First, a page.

Unit 6 Managing a Successful Business Project

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Introduction


This unit is assessed by a set assignment. The project brief will be set by the centre, based on a theme provided by (this will change annually). The theme and chosen project within the theme will enable students to explore and examine a relevant and current topical aspect of business in the context of the business environment. The aim of this unit is to offer students an opportunity to demonstrate the skills required for managing and implementing a project. They will undertake independent research and investigation for carrying out and executing a business project which meets appropriate business aims and objectives. On successful completion of this unit students will have the confidence to engage in decision-making, problem-solving and research activities using project management skills. They will have the fundamental knowledge and skills to enable them to investigate and examine relevant business concepts within a work-related context, determine appropriate outcomes, decisions or solutions and present evidence to various stakeholders in an acceptable and understandable format.

Learning outcomes


LO1 Establish project aims, objectives and timeframes based on the chosen theme

Project management:

  • What is project management and what does it involve?
  • The key stages of project management.
  • The advantages of using project management and why it is important.

Initiation of the project and project planning phase:

  • Scoping a project − defining objectives, scope, purpose and deliverables to be produced.
  • Steps and documentation required in the initiation phase.
  • Developing the project plan, including planning for timescales and time management, cost, quality, change, risk and issues.
  • The work breakdown structure.
  • Use of Bar and Gantt Charts for effective planning.

LO2 Conduct small-scale research, information gathering and data collection to generate knowledge to support the project

Project execution phase:

  • Selecting appropriate methods of information gathering, data collection and material resourcing.
  • The distinct phases which support a coherent and logical argument.
  • Use of secondary research to inform a primary empirical study.
  • Qualitative and quantitative research methods.

Field work:

  • Selecting a sample of the consumer market, businesses or individuals (those who meet certain characteristics relevant to the research theme) is used to gather data (qualitative or quantitative).
  • Sampling approaches and techniques, including probability and non-probability sampling

Ethics, reliability and validity:

  • All research should be conducted ethically − how is this achieved and reported?
  • Research should also be reliable (similar results achieved from a similar sample) and valid (the research should measure what it aimed to measure).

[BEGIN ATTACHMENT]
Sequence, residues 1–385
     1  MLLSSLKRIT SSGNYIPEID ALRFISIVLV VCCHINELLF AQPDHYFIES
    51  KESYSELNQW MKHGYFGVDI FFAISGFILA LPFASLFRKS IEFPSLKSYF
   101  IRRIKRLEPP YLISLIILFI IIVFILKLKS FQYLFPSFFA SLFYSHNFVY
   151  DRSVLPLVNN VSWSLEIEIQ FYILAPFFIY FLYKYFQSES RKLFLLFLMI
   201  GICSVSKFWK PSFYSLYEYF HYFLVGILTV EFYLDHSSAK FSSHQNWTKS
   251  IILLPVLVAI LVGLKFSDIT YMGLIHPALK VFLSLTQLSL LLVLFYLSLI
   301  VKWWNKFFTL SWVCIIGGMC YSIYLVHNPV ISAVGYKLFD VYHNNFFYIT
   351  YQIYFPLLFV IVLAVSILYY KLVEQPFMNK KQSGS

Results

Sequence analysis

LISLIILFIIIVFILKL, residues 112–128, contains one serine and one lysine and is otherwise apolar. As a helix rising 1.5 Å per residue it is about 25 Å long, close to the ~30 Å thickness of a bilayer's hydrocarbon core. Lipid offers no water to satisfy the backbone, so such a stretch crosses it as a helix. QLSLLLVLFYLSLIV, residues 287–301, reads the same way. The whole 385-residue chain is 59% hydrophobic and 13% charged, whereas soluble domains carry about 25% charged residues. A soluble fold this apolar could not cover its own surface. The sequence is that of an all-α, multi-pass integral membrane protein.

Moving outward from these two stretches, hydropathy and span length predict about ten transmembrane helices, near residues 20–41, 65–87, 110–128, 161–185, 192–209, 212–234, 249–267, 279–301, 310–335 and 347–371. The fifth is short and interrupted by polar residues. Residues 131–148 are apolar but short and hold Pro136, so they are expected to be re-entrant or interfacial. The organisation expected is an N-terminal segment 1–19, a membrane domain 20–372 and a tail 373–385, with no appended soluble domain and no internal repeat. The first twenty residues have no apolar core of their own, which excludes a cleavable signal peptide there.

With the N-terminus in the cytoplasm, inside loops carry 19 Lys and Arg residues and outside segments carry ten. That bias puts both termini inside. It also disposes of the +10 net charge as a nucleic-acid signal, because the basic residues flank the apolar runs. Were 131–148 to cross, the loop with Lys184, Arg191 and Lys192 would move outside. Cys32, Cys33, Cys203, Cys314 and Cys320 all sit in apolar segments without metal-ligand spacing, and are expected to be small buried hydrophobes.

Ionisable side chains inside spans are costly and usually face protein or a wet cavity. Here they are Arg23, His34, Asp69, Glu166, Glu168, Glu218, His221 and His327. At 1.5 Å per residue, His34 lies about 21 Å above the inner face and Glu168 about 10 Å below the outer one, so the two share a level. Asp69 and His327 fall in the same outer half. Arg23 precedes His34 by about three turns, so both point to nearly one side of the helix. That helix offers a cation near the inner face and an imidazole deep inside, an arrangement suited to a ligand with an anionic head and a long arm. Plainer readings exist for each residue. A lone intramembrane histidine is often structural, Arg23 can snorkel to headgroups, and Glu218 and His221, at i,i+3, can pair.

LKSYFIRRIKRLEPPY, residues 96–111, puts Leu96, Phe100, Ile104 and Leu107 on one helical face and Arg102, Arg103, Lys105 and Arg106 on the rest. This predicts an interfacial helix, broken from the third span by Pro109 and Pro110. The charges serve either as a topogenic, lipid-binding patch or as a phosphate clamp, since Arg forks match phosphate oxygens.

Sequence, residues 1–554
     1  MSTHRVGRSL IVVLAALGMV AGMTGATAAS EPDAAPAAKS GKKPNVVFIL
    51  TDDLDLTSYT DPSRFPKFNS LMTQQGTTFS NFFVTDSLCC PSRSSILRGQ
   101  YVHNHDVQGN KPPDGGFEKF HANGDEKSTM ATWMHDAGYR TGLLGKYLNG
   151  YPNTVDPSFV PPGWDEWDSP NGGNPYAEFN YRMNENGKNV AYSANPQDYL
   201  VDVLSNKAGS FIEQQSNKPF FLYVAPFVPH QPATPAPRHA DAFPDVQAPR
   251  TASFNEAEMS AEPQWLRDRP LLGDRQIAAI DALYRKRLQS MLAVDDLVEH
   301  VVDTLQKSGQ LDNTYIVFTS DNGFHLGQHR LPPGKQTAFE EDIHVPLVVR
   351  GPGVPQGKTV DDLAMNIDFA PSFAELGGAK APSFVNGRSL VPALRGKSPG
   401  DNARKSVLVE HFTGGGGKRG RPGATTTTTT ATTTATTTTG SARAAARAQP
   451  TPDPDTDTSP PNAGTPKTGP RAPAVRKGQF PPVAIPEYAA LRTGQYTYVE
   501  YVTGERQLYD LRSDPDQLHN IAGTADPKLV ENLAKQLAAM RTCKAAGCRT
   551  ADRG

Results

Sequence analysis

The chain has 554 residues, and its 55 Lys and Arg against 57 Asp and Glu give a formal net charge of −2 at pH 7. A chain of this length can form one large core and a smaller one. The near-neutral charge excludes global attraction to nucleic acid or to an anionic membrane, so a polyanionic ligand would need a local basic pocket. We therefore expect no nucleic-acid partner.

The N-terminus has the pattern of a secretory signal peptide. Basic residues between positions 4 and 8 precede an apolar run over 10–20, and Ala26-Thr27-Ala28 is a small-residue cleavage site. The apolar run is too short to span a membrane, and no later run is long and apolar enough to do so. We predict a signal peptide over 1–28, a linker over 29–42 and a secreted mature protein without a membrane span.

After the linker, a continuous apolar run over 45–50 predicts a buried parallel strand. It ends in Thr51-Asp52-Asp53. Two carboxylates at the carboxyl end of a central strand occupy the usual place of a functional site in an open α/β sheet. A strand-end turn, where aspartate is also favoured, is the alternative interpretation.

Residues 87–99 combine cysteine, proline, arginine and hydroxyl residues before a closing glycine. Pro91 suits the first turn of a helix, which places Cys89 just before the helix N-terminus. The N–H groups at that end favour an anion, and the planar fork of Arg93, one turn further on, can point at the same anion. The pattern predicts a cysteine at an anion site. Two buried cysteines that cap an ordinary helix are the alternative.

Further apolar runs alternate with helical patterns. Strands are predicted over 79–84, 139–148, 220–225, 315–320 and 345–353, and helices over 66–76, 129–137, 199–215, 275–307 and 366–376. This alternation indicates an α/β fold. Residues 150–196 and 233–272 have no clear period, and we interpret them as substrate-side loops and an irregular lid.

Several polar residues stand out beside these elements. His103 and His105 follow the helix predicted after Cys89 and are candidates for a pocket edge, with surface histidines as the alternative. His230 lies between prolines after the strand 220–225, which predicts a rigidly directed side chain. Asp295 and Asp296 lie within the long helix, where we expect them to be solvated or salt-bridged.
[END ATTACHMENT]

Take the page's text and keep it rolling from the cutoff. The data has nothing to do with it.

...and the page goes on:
Analysing information and data:

  • Using data collection tools such as interviews and questionnaires.
  • Using analytical techniques such as trend analysis, coding or typologies.

LO3 Present the project and communicate appropriate recommendations based on meaningful conclusions drawn from the evidence findings and/or analysis

Communicating outcomes:

  • Consider the method (e.g. written, verbal) and the medium (e.g. report, online, presentation).
  • Both method and medium will be influenced by the project research and its intended audience.

Convincing arguments:

  • All findings/outcomes should be convincing and presented logically where the assumption is that the audience has little or no knowledge of the project process.
  • Developing evaluative conclusions.

Critical and objective analysis and evaluation:

  • Secondary and primary data should be critiqued and considered with an objective mindset.
  • Objectivity results in more robust evaluations where an analysis justifies a judgement.

LO4 Reflect on the value gained from conducting the project and its usefulness to support sustainable organisational performance

Reflection for learning and practice:

  • The difference between reflecting on performance and evaluating a project − the former considers the research process, information gathering and data collection, the latter the quality of the research argument and use of evidence.

The cycle of reflection:

  • To include reflection in action and reflection on action.
  • How to use reflection to inform future behaviour, particularly directed towards sustainable performance.

Reflective writing:

  • Avoiding generalisation and focusing on personal development and the research journey in a critical and objective way.

Generalisation:

  • Many studies result in generalised findings. Research which has its basis in a specific field such as Human Resource Management (HRM) and in a specific context should avoid generalised conclusions.
  • Outcomes should be specific and actionable.

Resources


  • COSTLEY, C., ELLIOT, G. and GIBBS, P. (2010) Doing Work Based Research: Approaches to Enquiry for Insider-researchers. London: SAGE.
  • FLICK, U. (2011) Introducing Research Methodology: A Beginner’s Guide to Doing a Research Project. London: SAGE.
  • GRAY, D. (2009) Doing Research in the Real World. 2nd Ed. London: SAGE.

         Journals

  • International Journal of Quantitative and Qualitative Research.
  • Qualitative Research Journal.

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